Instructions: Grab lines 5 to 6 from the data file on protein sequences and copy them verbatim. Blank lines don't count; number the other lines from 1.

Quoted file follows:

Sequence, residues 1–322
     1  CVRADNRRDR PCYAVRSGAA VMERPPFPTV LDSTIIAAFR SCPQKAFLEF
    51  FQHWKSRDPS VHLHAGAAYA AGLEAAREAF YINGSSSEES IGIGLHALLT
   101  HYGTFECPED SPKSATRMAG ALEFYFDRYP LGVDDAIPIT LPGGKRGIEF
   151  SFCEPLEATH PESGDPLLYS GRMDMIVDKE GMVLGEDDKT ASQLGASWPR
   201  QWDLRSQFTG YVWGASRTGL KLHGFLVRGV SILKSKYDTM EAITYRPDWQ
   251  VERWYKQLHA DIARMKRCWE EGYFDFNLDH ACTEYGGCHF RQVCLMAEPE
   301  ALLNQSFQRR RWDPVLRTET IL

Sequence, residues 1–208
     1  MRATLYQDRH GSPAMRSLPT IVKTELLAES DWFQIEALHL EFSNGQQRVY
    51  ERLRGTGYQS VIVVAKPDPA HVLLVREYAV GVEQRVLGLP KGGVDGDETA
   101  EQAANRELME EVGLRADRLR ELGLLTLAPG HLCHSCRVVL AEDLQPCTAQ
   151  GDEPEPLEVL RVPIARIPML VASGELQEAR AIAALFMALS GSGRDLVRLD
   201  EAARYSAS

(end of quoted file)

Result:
   151  SFCEPLEATH PESGDPLLYS GRMDMIVDKE GMVLGEDDKT ASQLGASWPR
   201  QWDLRSQFTG YVWGASRTGL KLHGFLVRGV SILKSKYDTM EAITYRPDWQ